Then, in September, came the revelations of U.S. spying activities in Brazil, including intercepts of presidential communications. Brazilians were enraged, and Rousseff, in advance of the G-20 summit in St. Petersburg, canceled the visit to Washington of the advance team that was to plan her own trip. This was a clear warning shot that Brazil was serious. But the White House was focused on the reports that the government of Bashar al-Assad had used chemical weapons in Syria, and because no senior official—whether the vice president, the secretary of state or the national security adviser—had the "Brazil account," there was no one in a position to defuse the crisis. Nor did the U.S. attempt to schedule a formal bilateral sideline meeting between the two presidents in St. Petersburg, which might have signaled that Washington understood Brazil's perspective. Instead, the outreach was ad hoc, with Obama attempting to smooth things out with Rousseff right before both were scheduled to attend the summit's opening banquet. But the perception from the Brazilian side was that the United States was not taking its concerns seriously.

Is Venezuela's new president headed for an untimely exit?

SEPTEMBER 19, 2013

LA VICTORIA, Venezuela — For Veronica Castillo, shopping has become a full-time job, and she blames Venezuelan President Nicolás Maduro.

Castillo, a 33-year-old homemaker in the central Venezuelan city of La Victoria, used to complete her week's grocery shopping in an hour or two. Now if she's lucky, she can find what she needs in a day or two of hitting the stores in this city of 150,000 about 50 miles from the capital, Caracas.

"I haven't been able to find milk -- fresh, powdered, or long life -- in a month," says Castillo, who has a 1-year-old son. "I spend hours in line, and I still can't find everything. And this is what our revolution has brought?"

Castillo, who reluctantly admits that she voted for Maduro in April's snap presidential election following the death of Hugo Chávez, isn't alone in her dislike for the president. According to an IVAD surveytaken between Aug. 21 and 28, more than two-thirds of those polled said the country's political situation was "unstable" and an even greater percentage was pessimistic about the economy. Soaring inflation, widespread shortages of basic foodstuffs, power outages, and rampant crime have all dented Maduro's support. According to the same survey, Maduro would trail opposition leader Henrique Capriles Radonski if new elections were to be scheduled.

"There is a feeling of rudderlessness and lack of control within the government," says David Smilde, a senior scholar at the Washington Office on Latin America.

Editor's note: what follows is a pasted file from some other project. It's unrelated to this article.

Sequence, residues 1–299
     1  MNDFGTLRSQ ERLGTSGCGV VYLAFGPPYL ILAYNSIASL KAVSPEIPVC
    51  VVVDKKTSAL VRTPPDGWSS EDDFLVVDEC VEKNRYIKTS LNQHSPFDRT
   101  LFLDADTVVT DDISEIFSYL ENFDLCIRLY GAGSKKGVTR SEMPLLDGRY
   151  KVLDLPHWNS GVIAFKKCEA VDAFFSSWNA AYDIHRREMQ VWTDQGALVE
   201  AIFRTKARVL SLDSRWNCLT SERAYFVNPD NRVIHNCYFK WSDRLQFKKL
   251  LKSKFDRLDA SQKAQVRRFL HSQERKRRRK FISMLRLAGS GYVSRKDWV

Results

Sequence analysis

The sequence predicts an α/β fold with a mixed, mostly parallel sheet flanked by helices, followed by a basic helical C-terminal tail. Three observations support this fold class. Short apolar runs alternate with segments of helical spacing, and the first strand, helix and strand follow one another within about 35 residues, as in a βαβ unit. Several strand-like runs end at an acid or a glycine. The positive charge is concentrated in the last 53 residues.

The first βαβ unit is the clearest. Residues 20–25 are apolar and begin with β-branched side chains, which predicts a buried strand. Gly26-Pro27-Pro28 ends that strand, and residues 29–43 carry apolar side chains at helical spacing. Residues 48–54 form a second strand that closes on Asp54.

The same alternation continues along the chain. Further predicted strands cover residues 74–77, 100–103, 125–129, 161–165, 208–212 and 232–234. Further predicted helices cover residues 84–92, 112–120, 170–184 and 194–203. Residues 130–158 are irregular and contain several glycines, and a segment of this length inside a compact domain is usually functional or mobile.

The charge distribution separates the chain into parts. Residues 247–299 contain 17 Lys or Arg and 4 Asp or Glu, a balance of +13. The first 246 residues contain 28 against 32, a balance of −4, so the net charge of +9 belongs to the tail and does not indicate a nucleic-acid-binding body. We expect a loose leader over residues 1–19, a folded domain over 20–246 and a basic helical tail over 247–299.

Maduro, 50, has caused many of his own problems by focusing on stoking his image as Chávez's handpicked successor, rather than solving problems besetting the country, which has the world's largest oil reserves but has struggled to develop them. The former bus driver has sought to cultivate the aura of being the country's first "working-class president" with mixed results. Maduro, who once claimed that the late Chávez spoke to him in the guise of a bird, often seems to go out of his way to show that he is one of the masses. He refers to himself as a "son of Chávez" and his wife, the first lady, as the country's "first combatant."

"He is constantly going around dancing and singing, kissing babies, and acting as if there are no problems," says Caracas-based political consultant Tarek Yorde. "It gives the people the impression that he is out of touch." At a rally of the ruling party's youth on Sept. 13, Maduro accompanied a band by playing the drums, not only with his hands but by using his elbows and head as well.

He frequently misspeaks. In remarks on state television that went viral, Maduro used the Spanish word for penis (pene) in the place of bread (pan) while referring to Jesus multiplying loaves of bread to feed the masses. He constantly says that Venezuela is free of outside interference for the first time in decades, and he peppers his speeches with references to protecting the "fatherland." His constant refrain of fatherland has become a national tag line to explain away shortages of basic foodstuffs such as cornmeal, milk, cooking oil, meat, margarine, wheat flour, and coffee.

The Mossad’s Secret War Against Syria’s WMD

By Ronen Bergman
September 20, 2013

The Spies Inside Damascus

On Aug. 20, 2012, U.S. President Barack Obama declared that if Syrian President Bashar al-Assad began shifting around or using his chemical weapons, Obama would consider that “a red line.” The implication was that such a move would lead to American intervention in Syria. Some officials from the Israeli Foreign Ministry believed that Obama drew the line because he believed it would never be crossed. If that was his assumption, he made it based, in part, on assessments received from the Israeli intelligence services, which have waged a multidecade clandestine campaign to strip Assad of his deadliest weapons — and which also have emerged as the United States’ primary partners in collecting information on Middle Eastern regimes.

According to two former high-ranking military intelligence officials with whom I had spoken recently, Israeli intelligence agencies believed at the time that Assad would not use weapons of mass destruction (WMD) and would keep his chemical arsenal as a bargaining chip to be traded in exchange for political asylum for himself, his loyal wife, and his close associates, if necessary. Israel was wrong.

On March 10, 2013, Israeli intelligence sources began reporting that the Syrian regime had made use of chemical weapons. A number of different and cross-checked sources produced this information. Among them: sources that eavesdropped on the Syrian army’s tactical frequencies and surveillance satellites that monitored movement out of a bunker known to protect chemical weapons.